SWEPT AWAY: A late model Subaru and its trailer being pulled from the water at Main Arm.Blainey Woodham
SWEPT AWAY: A late model Subaru and its trailer being pulled from the water at Main Arm.Blainey Woodham

Flooded roads draw some in

EVERY flood it's the same message - don't drive, walk or ride through flood water.

But despite it being vigorously and repeatedly pushed by the State Emergency Service (SES), the volunteer organisation still carried out almost 30 flood rescues across the region during this week's floods.

A majority of those rescues occurred in the 24 hours up until Thursday morning.

The consequences of defying this warning were on public display in Main Arm yesterday after flood waters subsided to reveal a car lodged between two trees.

A 2009 Subaru 4WD was swept off Main Arm Rd by raging flood waters on Tuesday morning after the driver attempted to cross a flooded causeway.

The rapids picked up the car like a toy and carried it 100m downstream.

The 4WD lodged between two trees at 45 degrees, severely damaged but with its trailer still attached.

A small crowd gathered yesterday to watch a tow truck drag the vehicle onto its tilt tray.

"This is one of the more challenging ones," Jim Hedditch of JV Towing said.

The driver of the vehicle managed to escape the car before it was dragged away by flood waters.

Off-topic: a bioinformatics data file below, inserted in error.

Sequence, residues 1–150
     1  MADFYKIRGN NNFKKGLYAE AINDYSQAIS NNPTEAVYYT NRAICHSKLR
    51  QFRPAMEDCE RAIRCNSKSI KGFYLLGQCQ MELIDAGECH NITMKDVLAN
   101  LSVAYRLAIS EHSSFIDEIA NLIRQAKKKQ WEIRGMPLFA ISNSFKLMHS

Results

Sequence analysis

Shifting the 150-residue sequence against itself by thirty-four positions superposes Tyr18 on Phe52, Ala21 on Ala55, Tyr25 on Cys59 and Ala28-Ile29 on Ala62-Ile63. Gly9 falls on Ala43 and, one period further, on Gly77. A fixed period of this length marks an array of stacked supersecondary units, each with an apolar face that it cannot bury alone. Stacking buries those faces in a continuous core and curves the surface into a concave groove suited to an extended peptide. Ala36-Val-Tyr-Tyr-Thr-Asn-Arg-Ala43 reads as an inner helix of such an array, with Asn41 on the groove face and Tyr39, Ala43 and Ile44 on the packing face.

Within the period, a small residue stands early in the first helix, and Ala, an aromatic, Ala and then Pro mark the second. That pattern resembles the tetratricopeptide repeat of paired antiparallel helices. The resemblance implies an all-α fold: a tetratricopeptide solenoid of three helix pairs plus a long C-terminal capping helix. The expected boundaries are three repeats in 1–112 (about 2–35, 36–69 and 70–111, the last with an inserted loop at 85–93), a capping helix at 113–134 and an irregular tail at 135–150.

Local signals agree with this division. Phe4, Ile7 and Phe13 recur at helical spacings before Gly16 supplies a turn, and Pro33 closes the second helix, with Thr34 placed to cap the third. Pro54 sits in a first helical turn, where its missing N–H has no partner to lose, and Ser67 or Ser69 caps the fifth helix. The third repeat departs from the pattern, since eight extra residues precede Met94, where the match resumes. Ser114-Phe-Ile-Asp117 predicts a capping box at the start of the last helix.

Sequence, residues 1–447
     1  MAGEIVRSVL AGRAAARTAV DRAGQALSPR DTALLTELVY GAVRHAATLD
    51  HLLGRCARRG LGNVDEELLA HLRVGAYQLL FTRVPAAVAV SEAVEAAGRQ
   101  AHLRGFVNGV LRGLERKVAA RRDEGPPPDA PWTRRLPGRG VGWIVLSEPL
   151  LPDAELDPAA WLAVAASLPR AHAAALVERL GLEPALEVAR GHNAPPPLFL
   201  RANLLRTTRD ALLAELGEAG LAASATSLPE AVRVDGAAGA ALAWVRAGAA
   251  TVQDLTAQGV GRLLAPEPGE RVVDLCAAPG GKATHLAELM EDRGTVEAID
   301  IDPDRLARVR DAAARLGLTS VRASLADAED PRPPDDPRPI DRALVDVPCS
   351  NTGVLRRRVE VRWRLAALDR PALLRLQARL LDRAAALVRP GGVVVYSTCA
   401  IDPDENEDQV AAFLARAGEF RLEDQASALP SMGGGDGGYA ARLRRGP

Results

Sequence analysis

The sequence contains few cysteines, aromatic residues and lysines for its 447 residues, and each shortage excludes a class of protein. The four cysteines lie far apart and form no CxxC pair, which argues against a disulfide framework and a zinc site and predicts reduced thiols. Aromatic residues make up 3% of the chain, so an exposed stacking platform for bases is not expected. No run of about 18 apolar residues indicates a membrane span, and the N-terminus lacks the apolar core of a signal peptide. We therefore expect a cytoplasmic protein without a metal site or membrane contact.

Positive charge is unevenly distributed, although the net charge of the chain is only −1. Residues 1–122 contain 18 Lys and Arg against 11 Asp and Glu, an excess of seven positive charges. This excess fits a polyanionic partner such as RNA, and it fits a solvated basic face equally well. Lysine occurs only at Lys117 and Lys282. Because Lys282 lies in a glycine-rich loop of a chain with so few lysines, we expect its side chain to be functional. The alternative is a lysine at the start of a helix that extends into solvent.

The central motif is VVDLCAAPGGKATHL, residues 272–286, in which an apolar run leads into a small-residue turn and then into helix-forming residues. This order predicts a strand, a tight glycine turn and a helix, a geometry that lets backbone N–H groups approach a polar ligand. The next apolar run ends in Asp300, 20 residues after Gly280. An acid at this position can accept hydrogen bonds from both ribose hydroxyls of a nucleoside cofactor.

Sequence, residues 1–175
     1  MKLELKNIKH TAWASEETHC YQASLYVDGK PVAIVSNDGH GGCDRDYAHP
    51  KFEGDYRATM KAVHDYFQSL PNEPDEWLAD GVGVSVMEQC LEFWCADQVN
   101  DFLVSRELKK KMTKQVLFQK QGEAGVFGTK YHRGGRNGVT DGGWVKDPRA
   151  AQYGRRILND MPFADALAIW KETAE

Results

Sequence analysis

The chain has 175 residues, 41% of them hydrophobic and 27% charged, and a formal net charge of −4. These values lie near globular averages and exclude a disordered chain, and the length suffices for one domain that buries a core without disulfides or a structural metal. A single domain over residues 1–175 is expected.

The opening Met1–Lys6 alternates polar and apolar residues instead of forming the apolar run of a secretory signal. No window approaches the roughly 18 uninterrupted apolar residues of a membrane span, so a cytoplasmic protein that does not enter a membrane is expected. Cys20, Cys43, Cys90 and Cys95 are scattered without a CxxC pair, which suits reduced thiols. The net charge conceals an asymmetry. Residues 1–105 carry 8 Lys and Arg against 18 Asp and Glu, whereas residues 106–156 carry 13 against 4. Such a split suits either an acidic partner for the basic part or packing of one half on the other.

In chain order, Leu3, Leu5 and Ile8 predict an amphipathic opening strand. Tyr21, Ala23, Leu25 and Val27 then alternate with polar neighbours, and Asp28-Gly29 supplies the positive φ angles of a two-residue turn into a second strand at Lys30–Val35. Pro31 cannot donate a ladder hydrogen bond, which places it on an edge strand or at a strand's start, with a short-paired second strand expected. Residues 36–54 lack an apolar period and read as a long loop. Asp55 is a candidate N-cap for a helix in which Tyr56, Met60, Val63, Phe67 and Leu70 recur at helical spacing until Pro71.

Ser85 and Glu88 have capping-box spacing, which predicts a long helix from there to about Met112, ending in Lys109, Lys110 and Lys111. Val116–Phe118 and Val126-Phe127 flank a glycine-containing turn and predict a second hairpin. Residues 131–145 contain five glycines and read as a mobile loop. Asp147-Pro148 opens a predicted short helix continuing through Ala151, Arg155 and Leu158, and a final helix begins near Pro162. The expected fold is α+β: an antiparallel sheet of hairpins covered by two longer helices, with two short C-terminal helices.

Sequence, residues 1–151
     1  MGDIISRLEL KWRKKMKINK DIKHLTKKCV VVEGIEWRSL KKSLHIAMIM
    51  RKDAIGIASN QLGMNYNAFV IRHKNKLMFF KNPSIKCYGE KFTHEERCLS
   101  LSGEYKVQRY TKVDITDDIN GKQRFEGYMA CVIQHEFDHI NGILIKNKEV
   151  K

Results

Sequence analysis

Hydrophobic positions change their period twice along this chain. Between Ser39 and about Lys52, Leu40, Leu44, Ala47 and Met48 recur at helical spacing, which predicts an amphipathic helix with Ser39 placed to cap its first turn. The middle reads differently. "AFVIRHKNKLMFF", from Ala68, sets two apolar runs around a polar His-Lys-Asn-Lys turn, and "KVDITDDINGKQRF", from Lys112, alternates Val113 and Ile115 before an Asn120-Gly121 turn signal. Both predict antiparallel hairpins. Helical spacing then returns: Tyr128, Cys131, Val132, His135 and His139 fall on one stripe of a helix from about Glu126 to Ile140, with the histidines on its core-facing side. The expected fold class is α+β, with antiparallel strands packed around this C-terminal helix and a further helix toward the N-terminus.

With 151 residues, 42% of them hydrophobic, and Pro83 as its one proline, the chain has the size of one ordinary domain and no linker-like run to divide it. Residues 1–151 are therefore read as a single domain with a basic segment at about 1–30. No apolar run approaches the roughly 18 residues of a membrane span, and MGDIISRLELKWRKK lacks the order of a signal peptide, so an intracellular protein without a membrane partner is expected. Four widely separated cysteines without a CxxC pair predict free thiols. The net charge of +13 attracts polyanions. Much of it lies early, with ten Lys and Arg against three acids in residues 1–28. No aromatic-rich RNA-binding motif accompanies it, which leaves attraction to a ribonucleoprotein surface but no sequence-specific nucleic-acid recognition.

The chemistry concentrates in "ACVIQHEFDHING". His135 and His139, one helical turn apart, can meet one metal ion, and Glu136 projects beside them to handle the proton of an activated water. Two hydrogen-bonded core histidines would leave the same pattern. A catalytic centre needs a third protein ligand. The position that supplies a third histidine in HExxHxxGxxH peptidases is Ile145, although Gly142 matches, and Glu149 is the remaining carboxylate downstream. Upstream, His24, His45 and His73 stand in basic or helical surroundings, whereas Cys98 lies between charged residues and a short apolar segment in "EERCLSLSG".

Up until 5pm yesterday, the SES had responded to 28 flood rescues in the Richmond Tweed area since the floods started this week.

One was a woman who had to be rescued from the roof of her car after she drove into flood water at Goolmangar on Wednesday night.

Shortly after, the Lismore SES unit went to the aid of three people who were stuck in their car in flood water at Corndale.

Richmond Tweed SES media officer Heidi Groom said almost 30 rescues in a short time was quite high.

"Considering most were within 24 hours and there had to be nearly 30 rescues, that is quite extensive," she said.

"It's the case some times of people being in the wrong place at the wrong time. But a lot of the time it's because people have taken a risk that could have been avoided.

"People need to take the warnings seriously. A lot of people are driving through flood water and taking risks that are unnecessary."

The rain eased around the region yesterday, serving a reprieve to the swollen river systems.

A flood warning remained in place for the Brunswick, Wilson and Richmond Rivers yesterday.

The SES will focus on Coraki, which should expect minor to moderate flooding, today as water moves downstream.

"Most of the areas are going down but much of it depends on the amount of rain that might fall over the weekend," Ms Groom said.

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